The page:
National security may not be the first career field that comes to mind for mathematics students. However, mathematicians play a vital role in experiment design and analysis at the Nevada National Security Site (NNSS), and they’re working to ensure younger generations know how their skillset can influence work within the National Nuclear Security Administration (NNSA).
Applied mathematics is exercised at the NNSS in multiple facets, including radiography; multimodal sensing, which utilizes multiple layers of detection techniques to grid activity (in this case, radiological activity); experimental and optical diagnostics; and MIE scattering, which uses light lasers to make determinations about elements used in experiments. Data from these methods are used to make decisions for the Stockpile Stewardship program, which ensures the nation’s nuclear stockpile remains safe, reliable and secure through subcritical science experiments. Data are also used for Nuclear Nonproliferation programs, which work to prevent the spread of nuclear weapon technologies.
“There’s always someone needing something analyzed,” said Marylesa Howard, NNSS signal processing and applied mathematics scientist. “We find math in every place we look. There’s a lot coming down the pipeline that we can start getting involved in by spreading our bandwidth and our depth of knowledge.”
Since 2015, Howard has served with the Mathematical Association of America’s Preparation for Industrial Careers in Mathematical Sciences program. As an industrial liaison, she educates university students and faculty about research opportunities at the NNSS. One challenge is breaking down perceptions that pursing statistics automatically means a career in actuary work at places like insurance companies or Wall Street. Another is recruiting younger generations quickly enough to have crossover time with careered NNSS scientists and mathematicians.
“It’s essential to capture as much existing knowledge now to pass on to the younger workforce,” said Howard. “We are in such a specialized field of nuclear science where most people don’t have that breadth of knowledge when they come in from school. You have to start training the next generation now to glean as much knowledge and wisdom from the senior employees before they retire.”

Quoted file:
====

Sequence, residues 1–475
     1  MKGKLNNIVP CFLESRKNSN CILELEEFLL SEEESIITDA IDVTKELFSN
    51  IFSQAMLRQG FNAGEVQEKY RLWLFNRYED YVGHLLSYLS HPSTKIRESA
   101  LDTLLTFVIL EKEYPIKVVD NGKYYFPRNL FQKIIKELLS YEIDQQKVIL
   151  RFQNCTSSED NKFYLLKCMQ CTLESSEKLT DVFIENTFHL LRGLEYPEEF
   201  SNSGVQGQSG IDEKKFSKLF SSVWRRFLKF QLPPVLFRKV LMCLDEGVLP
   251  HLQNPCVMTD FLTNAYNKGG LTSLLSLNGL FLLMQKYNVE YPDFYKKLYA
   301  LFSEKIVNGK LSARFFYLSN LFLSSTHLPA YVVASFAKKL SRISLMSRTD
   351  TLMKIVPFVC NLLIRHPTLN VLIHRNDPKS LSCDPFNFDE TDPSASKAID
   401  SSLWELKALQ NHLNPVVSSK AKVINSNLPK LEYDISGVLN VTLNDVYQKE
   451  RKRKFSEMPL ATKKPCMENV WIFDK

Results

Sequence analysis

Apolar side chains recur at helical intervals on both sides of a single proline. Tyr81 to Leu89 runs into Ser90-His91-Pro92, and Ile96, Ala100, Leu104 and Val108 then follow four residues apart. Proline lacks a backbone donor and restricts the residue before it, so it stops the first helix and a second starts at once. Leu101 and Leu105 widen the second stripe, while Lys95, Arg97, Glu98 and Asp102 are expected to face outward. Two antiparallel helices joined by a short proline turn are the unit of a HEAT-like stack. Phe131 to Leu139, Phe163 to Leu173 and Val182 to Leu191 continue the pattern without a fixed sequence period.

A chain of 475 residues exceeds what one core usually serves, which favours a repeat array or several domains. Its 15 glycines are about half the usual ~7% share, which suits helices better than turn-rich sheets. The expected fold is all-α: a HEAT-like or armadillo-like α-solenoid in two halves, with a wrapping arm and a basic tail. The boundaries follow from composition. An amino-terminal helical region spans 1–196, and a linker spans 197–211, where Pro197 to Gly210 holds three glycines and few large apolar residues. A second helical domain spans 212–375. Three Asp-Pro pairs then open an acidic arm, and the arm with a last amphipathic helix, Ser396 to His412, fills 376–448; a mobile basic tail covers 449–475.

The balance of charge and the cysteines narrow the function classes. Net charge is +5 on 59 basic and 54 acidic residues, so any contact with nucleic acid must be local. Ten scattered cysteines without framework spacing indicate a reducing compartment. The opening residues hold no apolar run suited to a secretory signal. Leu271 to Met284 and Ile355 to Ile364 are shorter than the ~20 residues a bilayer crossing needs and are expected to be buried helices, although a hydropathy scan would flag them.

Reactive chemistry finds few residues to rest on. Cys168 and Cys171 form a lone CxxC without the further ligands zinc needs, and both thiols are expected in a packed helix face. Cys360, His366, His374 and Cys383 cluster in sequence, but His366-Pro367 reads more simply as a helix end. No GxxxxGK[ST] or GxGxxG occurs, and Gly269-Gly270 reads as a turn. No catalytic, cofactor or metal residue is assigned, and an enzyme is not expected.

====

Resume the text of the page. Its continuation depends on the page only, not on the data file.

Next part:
The NNSS works to recruit candidates from across the nation for progressive internship opportunities that are the foundation for a career. These include undergraduate, cooperative education (enabling students to earn academic credit through their work at the NNSS), post-baccalaureate, graduate research assistant and post-doctoral programs.
Former intern Maggie Lund began her journey in mathematics with the Site in 2014 while between undergraduate and graduate school; she is now a senior scientist at the NNSS and conducts radiography analysis using Cygnus, a dual-axis flash X-ray radiography system located at the NNSS’ U1a Complex. By compiling series of images produced from Cygnus, Lund is able to reconstruct what occurs during subcritical experiments and use statistical models to compute material densities.
“My plan for life was not at all to go in this route,” said Lund. “It was serendipitous, really. I hadn’t even heard of the NNSS until one of my computer science professors announced the NNSS was looking for interns. It was my first taste of real research. It was so cool to work on one of these projects with a team of mathematicians. To see a team of people create new methods and understand the physics in order to find solutions was entirely new to me. I knew I needed to be a part of this—I need to be out in the field doing these experiments.”
Lund returned to the NNSS during summers as she continued her education with her masters in statistics and doctorate in applied mathematics. During that time, she had her doctoral research funded by the NNSS and became a published author in theJournal of Applied Physics and Society of Industrial and Applied Mathematics’ Journal on Computational Science and Engineering. Outside of the NNSS, Lund is working to inspire some of the community’s youngest leaders-to-be about possibilities through STEM. She recently spoke with the Girl Scouts of Southern Nevada about the influential roles that women have at the NNSS.
“I think girls are now exposed to so many more new things than I was,” said Lund. “Young women today are exposed to people in the field who can help encourage them on the path that they’re already interested in. Mathematicians can do something other than teach.”
For students interested in pursuing an internship or career with the NNSS, Howard says key qualifications are having strong programming and linear algebra skills. She’s also looking for individuals who can speak about their discipline to various levels of an organization and make connections about how work integrates with other subject matter experts. Information for Student Programs at the NNSS can be found at https://nnss.gov/nfo/1488-2/.
“Working at the NNSS has introduced me to so many different fields of science and engineering,” said Lund. “It has challenged me as a mathematician and professional scientist in so many ways. It is something that I would recommend to anyone.”